In this podcast, we interview Geothink co-applicant Leslie Regan Shade, associate professor in the University of Toronto’s Faculty of Information. Together with PhD candidate Harrison Smith, Shade has been exploring the “cartographies of sharing,” situating the geoweb in the sharing economy of Canada. Shade is particularly interested in the political economic questions now surfacing in the media, in policy circles, and in academia. She and Smith are focusing on three inter-related questions:

  1. What is the state of the sharing economy in Canada, particularly with respect to the fundamental opportunities and challenges currently facing municipal regulators in Canada?
  2. What particular benefits and challenges has the sharing economy brought to Canadian economies, particularly key urban centres?
  3. How is the geoweb contributing to the rise of the sharing economy in Canada?

If you have thoughts or questions about this podcast, get in touch with Naomi Bloch, Geothink’s digital journalist, at naomi.bloch2@gmail.com.

Re-identification Risk and Proactive Disclosure of Data for Open Government: Lessons from the Supreme Court of Canada?

By Teresa Scassa

One of the challenges with the proactive disclosure of government data, and with open data more generally, is the obligation that governments have to not disclose personal information. This challenge is made more acute by the fact that the definition of “personal information” is, generally speaking, “information about an identifiable individual”.

Courts in Canada have said that identifiability is not considered solely in the context of the particular data set in question – information is personal information if it can lead to the identification of an individual when it is matched with information from virtually any other source.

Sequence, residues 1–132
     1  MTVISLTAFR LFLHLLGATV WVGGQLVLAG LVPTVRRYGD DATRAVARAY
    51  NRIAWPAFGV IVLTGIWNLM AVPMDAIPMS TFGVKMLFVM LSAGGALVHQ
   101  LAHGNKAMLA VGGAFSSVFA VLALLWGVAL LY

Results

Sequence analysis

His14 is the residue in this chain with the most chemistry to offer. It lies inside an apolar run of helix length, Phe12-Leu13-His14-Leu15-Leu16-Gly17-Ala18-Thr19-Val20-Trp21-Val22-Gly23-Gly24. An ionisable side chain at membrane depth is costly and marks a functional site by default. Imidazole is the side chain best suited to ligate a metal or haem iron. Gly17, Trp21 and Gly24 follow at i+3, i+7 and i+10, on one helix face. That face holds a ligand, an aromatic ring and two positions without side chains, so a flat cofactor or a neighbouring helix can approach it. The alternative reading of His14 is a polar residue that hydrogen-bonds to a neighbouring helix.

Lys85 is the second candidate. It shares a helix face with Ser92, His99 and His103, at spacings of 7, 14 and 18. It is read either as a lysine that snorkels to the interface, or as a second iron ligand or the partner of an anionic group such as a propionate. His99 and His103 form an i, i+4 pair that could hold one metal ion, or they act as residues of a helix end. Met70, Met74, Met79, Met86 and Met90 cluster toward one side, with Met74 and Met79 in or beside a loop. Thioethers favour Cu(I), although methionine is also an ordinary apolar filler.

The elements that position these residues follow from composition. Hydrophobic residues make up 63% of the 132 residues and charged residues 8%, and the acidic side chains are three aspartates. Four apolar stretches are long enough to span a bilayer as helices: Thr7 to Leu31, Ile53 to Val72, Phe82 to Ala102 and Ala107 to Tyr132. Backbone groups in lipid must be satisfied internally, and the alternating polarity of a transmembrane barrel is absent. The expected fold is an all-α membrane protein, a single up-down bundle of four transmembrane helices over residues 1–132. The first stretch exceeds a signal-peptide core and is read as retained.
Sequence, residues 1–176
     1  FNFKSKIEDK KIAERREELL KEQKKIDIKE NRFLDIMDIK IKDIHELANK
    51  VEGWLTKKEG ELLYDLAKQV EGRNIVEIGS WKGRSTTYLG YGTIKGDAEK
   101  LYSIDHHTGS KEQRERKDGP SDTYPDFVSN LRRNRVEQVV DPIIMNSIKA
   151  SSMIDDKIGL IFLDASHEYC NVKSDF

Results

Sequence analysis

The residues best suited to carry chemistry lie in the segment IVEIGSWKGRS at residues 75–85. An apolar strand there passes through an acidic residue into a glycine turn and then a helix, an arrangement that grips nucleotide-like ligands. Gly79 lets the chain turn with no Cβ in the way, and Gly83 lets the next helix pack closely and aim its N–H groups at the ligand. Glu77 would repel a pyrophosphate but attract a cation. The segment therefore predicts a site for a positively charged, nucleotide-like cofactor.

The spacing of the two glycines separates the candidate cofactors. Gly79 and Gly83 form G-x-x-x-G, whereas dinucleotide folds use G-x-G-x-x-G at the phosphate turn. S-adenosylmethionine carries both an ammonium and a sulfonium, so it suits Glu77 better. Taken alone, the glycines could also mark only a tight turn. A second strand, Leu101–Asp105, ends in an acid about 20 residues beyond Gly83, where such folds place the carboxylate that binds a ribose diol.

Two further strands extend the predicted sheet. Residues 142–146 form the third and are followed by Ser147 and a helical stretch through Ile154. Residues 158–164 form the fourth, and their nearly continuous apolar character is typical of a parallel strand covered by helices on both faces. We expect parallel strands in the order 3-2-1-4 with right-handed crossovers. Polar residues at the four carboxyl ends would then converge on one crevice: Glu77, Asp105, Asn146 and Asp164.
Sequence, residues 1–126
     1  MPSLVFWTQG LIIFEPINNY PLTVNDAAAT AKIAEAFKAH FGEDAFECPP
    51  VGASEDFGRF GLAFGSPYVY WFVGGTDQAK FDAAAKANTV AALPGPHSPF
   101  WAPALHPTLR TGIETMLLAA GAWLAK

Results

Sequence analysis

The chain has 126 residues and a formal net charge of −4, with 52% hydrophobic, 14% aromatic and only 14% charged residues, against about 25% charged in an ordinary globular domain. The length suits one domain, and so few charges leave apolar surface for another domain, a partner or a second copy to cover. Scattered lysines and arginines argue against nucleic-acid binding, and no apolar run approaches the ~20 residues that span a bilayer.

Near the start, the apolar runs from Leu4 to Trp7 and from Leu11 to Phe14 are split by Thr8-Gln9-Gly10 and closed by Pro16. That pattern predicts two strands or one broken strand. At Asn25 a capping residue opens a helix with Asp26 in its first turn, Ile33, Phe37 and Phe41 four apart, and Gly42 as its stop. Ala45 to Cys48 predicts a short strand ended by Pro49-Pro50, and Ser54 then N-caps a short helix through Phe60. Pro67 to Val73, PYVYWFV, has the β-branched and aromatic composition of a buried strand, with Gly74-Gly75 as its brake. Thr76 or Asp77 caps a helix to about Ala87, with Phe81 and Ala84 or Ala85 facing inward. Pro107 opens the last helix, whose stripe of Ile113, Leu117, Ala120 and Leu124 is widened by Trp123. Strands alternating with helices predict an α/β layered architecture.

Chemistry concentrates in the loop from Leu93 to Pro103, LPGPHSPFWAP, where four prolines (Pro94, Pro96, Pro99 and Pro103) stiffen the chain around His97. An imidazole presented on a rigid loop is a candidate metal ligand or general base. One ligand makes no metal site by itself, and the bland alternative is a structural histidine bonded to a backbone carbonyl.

The Supreme Court of Canada has just released a decision dealing with the issue of whether Ontario’s Ministry of Community Safety and Correctional Services was right to refuse to disclose information relating to the province’s sex offender registry. The concern in this case was that although the applicant sought only data about sex offenders living within the forward sortation areas, indicated by the first 3 letters of a postal code, this information could still be matched with other available information to specifically identify and locate individuals. Although the case deals with the province’s access to information regime, lessons can be extracted that are relevant to both the proactive disclosure of government information and to open data.

For more detail, see my blog post about this case, here: http://www.teresascassa.ca/index.php?option=com_k2&view=item&id=159:re-identification-risk-and-proactive-disclosure-of-data-for-open-government-lessons-from-the-supreme-court-of-canada?&Itemid=80

Teresa Scassa University of Ottawa, Faculty of Law